Wider than Starship: Gravitics builds super-heavy rockets with twice the body diameter

The space industry is focused on the prospects offered by heavy-lift rockets such as Starship from SpaceX and New Glenn from Blue Origin. Spacecraft are expected to get bigger as engineers are no longer constrained by mass. However, current test methods are designed for vehicles up to 4 meters in diameter, which poses problems for companies like Gravitics, which develops space station modules up to 8 meters in diameter.

The rockets from Gravitics will be from 3 to 8 meters wide. Illustration: Gravitics

Gravitics signed an agreement with NASA this week to address a shortage of testing methods for building large spacecraft. This includes thermal, vacuum, vibration and acoustic testing as necessary to ensure the reliability of the vehicles at launch and in space. Developing new standards for large vehicles is important, especially for private companies that plan to build the next generation of space stations in low Earth orbit. The new rockets will allow larger modules to be launched, avoiding the lengthy assembly process as with the International Space Station.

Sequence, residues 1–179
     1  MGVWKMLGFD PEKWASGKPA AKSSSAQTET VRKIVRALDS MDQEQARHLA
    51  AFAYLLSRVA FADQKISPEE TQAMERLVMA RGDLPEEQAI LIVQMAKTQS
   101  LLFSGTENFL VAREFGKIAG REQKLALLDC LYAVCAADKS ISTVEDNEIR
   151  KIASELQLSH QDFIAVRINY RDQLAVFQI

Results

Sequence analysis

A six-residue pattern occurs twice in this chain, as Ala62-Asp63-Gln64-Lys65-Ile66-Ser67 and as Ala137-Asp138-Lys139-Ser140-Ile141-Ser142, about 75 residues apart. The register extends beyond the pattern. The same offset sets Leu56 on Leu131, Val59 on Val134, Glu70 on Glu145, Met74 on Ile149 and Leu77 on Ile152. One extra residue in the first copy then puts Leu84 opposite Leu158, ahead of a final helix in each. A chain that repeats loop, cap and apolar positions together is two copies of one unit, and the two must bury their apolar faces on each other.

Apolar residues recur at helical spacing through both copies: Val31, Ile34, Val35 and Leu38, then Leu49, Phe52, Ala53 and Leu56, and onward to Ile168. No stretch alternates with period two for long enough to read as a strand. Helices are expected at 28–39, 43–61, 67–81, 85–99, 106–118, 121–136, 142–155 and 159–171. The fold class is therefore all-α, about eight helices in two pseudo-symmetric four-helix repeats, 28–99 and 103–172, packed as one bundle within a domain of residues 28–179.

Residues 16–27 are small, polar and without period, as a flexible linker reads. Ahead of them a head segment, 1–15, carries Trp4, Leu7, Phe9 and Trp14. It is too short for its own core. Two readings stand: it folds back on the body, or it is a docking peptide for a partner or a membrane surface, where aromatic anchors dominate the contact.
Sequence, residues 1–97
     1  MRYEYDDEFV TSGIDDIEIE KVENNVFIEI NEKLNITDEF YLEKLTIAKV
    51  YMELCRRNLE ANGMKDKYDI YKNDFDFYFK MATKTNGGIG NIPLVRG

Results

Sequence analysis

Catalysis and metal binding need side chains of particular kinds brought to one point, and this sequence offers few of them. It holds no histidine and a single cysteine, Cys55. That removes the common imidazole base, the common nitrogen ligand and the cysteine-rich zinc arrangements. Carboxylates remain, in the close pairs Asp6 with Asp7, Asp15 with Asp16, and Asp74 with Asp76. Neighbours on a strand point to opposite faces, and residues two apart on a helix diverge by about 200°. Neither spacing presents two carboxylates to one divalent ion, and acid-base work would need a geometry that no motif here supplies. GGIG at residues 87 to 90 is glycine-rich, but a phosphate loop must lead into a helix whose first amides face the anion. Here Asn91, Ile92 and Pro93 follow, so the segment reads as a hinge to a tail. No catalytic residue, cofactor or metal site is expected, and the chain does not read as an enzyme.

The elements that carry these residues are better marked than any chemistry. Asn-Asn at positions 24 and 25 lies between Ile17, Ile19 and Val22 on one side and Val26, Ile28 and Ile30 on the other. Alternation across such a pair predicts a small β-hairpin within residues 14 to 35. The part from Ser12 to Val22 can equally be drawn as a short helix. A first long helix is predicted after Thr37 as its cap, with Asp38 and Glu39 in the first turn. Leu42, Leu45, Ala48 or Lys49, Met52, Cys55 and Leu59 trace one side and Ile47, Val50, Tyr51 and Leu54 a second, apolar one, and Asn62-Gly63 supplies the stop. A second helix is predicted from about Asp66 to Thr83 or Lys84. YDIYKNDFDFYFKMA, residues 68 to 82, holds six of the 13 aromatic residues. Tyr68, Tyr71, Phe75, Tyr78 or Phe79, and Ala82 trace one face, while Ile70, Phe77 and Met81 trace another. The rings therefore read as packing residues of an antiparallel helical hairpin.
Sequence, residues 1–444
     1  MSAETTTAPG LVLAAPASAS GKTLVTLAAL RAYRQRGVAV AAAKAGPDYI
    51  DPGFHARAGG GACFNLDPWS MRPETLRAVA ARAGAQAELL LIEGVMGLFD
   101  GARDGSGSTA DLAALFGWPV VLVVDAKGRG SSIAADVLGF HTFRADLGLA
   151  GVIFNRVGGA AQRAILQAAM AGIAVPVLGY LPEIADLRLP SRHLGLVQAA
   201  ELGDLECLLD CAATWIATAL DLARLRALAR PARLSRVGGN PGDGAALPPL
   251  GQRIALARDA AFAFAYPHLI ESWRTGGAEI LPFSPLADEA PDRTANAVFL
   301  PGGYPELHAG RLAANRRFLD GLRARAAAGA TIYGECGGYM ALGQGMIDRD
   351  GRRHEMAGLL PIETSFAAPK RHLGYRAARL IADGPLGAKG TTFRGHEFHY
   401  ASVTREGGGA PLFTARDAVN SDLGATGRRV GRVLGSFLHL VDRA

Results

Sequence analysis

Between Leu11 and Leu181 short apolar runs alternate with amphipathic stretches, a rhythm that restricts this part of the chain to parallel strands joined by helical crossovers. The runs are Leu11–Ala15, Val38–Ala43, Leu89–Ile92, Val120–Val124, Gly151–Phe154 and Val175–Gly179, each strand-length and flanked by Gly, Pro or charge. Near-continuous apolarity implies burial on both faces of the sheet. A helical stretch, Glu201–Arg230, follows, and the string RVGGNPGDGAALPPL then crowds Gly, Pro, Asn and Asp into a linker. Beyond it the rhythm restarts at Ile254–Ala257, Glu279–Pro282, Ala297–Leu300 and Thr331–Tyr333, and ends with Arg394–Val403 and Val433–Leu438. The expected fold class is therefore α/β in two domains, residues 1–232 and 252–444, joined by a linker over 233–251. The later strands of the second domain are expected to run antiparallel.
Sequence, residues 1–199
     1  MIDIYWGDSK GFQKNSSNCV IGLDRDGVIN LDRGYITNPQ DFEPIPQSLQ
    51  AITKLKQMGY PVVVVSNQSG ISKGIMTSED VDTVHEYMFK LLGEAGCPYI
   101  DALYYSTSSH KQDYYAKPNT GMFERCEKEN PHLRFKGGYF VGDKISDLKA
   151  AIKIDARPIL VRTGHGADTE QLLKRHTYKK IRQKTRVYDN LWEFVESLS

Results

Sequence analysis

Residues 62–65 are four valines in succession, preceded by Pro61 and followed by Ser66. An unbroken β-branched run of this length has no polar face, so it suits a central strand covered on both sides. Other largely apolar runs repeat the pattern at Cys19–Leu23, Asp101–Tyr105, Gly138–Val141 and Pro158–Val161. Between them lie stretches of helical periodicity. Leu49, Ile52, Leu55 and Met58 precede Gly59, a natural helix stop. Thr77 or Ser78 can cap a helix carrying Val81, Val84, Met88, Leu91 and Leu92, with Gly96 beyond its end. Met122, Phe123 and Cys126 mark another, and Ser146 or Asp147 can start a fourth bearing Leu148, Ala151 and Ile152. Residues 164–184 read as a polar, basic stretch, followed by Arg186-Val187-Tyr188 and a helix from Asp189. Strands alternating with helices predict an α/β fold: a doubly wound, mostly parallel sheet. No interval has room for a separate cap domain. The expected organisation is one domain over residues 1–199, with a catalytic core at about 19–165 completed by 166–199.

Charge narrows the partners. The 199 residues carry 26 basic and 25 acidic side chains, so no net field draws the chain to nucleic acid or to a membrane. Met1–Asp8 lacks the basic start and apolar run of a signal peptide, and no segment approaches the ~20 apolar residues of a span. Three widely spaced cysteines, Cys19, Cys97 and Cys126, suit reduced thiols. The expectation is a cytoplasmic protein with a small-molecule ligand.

“We joke that we want to be ready to provide modules from Stoke to Starship, from three meters to eight,” said Colin Doughan, CEO of Gravitics.

One of the problems is vibration testing, which simulates startup vibrations. Modern vibration stands cannot hold large apparatuses or generate the necessary forces to test them. In addition, the company often has to send the spacecraft to different centers for testing, which is difficult for 8-meter-diameter vehicles.

Doughan said the agreement didn’t mean creating a NASA standard, but it provided Gravitics with an approved path to launch its own products. If the collaboration with NASA is successful, it could help set a new standard for testing.

Mike DeRosa, co-founder and CMO of Gravitics, said large modules, habitats and other space infrastructure would be of great value to civilization. Certification of such vehicles for flight will begin thanks to Gravitics.

We previously reported on how SpaceX would build one Starship mega rocket per day.

According to techcrunch.com